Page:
We are closing this first day in Toronto with experiments in margaritas and vodka. And tomorrow there will be meeting of fellow Le Vent du Nord fan Susan!
Since Canada is very, VERY nigh, I now present for you, O Internets, this roundup and summary of everything that solarbird and I will be doing while we’re there!
First up, Toronto! Where we will be enjoying the hospitality of the most excellent cow, as well as getting to meet Susan Who Is the Most Awesome of Le Vent du Nord Fans (really, that ought to just be her name from now on, I feel). And Dara will be making musics at Chez Cow!
In Quebec, we’re going to go to Memoire et Racines, at which we will be seeing Les Charbonniers de l’Enfer, with possible bonus sightings of one or more members of Le Vent du Nord depending on who’s performing on what festival event when! I also have high hopes of swooning at any wares offered by instrument makers, and the chances of consumption of proper poutine, as well as any maple-flavored ice cream we can find, are extremely high!
While also in Quebec, I will be scarfing as much French-Canadian SF/F as I can safely carry home from here! I now have five titles on my Francophone wishlist on Goodreads, and it’s a safe bet I’ll be able to find at least a couple of them.
And there will be meeting of scrunchions and hopefully also framlingem, as well as lyonesse if she’s still there when we get there! And bonus meeting as well of one of my Kickstarter backers!
Onward to Moncton, where we will enjoy the hospitality of brightbeak! And there will be more musics by Dara! And visiting of this thing, because GIANT LOBSTER. Visiting of this is REQUIRED, Internets!
And last but oh my definitely not least, the Torbay 250 celebration, at which I need not remind any of you that Dara and I will be singing and bouncing our hearts out for our most belovedest of beloved B’ys. Watch the skies over Newfoundland, people, we may bounce straight into orbit!
We shall be consuming as much Grower’s Cider as we can get our tiny little hands on, but failing that, I will be on the lookout for any excellent local ciders. Because all this bouncing I’m about to be doing? It’s going to be thirsty, thirsty work!
And I will bring Norouet and Chirp, and there will be playing of tunes, and adventures in reading French street signs, and general seizing of days! I’ve already been asked by two different people to post frequent updates–and I will be doing as much of that as the wi-fi availability allows, so stand by for bulletins as they happen! Internets, I am EXCITE! Only a few more days to go! \0/
PEOPLE OF ATLANTIC CANADA AND QUEBEC! There are but seven scant days until solarbird and I will be among you for two weeks of hanging out, meeting up with people, and general musical awesomeness!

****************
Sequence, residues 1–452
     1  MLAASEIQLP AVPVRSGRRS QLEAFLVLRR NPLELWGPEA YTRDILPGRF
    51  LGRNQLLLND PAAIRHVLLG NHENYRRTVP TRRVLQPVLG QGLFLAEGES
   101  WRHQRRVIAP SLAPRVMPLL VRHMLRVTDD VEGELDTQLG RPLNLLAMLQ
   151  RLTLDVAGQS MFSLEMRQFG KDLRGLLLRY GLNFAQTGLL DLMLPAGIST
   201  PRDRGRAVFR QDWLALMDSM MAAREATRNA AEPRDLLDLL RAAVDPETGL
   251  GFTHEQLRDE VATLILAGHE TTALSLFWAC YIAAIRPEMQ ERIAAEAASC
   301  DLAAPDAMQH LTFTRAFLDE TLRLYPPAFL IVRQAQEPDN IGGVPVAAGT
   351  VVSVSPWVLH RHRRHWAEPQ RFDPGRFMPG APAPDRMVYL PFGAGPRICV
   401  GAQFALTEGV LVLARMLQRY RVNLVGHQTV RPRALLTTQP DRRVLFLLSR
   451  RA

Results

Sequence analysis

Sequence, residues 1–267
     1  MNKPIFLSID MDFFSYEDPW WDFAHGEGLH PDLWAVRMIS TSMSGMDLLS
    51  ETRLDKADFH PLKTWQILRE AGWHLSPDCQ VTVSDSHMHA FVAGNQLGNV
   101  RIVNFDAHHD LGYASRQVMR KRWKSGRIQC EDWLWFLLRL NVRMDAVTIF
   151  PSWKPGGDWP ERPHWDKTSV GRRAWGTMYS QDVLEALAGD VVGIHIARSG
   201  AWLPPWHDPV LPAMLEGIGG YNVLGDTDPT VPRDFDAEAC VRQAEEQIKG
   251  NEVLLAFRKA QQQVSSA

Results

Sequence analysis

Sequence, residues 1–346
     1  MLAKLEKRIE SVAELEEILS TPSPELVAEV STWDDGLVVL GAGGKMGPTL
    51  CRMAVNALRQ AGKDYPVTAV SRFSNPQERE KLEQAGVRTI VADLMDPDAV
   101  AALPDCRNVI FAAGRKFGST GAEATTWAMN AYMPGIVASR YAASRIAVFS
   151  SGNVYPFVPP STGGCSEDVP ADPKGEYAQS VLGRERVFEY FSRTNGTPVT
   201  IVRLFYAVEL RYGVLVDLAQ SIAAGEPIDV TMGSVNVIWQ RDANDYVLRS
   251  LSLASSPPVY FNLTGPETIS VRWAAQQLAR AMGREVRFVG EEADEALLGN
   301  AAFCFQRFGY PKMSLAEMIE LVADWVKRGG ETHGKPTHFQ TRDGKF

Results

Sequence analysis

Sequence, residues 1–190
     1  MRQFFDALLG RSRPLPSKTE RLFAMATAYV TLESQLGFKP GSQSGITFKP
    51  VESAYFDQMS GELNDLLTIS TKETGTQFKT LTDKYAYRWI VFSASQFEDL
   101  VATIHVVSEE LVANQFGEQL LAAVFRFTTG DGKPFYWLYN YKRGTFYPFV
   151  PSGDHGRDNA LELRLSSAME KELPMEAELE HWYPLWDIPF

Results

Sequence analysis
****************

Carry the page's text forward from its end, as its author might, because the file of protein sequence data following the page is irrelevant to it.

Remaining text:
We are looking very, very forward to meeting up with cow, with fellow Le Vent du Nord fan Susan, with framlingem hopefully (HEY EM ANSWER YOUR MAIL mmkay?), with lyonesse if she’s still in Montreal by the time we get there, with scrunchions, with Krista in St. John’s, with lethendy, and with anybody else we get a chance to talk to at Memoire et Racines, the Newfoundland and Labrador Folk Festival, or the Great Big Sea show in Torbay!
Internets, I AM EXCITE! Almost as much for the chance to see Les Charbonniers de l’Enfer as I am Great Big Sea, really–because this’ll very likely be my only shot to see the Charbonniers, and did I mention the part where HOLY CRAP THOSE MEN CAN SING? And did I also mention the buying of French Canadian SF/F, and of tasty maple sugar products (I am informed that maple sugar ice cream is a thing that exists and THIS MUST BE SAMPLED IT IS REQUIRED), and of taking the Haunted Hike tour through downtown St. John’s (research opportunity WOO!), and of going to the Duke of Duckworth pub, renowned to me in song and story and Twitter updates?
Save us some bagels and Growers cider! We’ll be there next week!
I just doublechecked the Memoire et Racines site, and see to my massive, massive delight that Les Charbonniers de l’Enfer do, in fact, have a presence on the schedule on the 28th–the day I’m targeting for solarbird and me to be there! Which means I will get to see them!
Seriously, seriously excited by that! Aside from the boys of Le Vent, the Charbonniers are the Quebec band who’ve most grabbed my attention, just because I love their vocals on their live album so very, very, very much. I’m going to have to do a marathon listen to all of their albums now, just to make sure I’m briefed on the stuff they’re most likely to perform.
Also helpful: it looks like events don’t get started until noon, which will give plenty of time to get up there in the morning from Montreal. And now I’ve bought day passes for Saturday the 28th for myself and Dara! framlingem, if you’re reading this, and you’re still up for the festival, you might want to go ahead and snag a ticket for yourself–the site was giving me messaging indicating these tickets are in high demand!
Ditto to lyonesse if you have interest in joining us!
Keeping a hawk’s eye on the tour Calendar on leventdunord.com just paid off. Looks like they ARE booked to play on the 28th at Memoire et Racines, the weekend that Dara and I will be in Quebec! Which means that the priority of getting to that festival for a day trip on the 28th just shot up to CRITICAL. :D Because yeah, I need me another Le Vent du Nord show STAT, and I especially want to see how they work a Francophone crowd. Also, it would be sporting of me to give them another fighting chance at my musical affections, given that Great Big Sea will be steamrollering over everything else once Dara and I reach St. John’s in August.
I also note with huge delight that Les Charbonniers de l’Enfer’s tour schedule ALSO shows July 28th (and the 29th, but the 28th is the pertinent date here). Which means that ideally I’ll get to see them too! They better not be scheduled opposite Le Vent, or else I shall be quite sad! Now all I need is to determine whether Galant Tu Perds Ton Temps is also booked on the 28th, to complete the trifecta of awesome–though really, if I get Le Vent and the Charbonniers in the same day, that’s quite a bit of awesome right there and that may be enough all by itself for me to explode from squee. :D
(Special side message to framlingem! You still in for this? Let me and Dara know! The Festival’s official full program goes online on June 14th and I’ll be getting Dara and me tickets, I want to make sure our plans can still align!)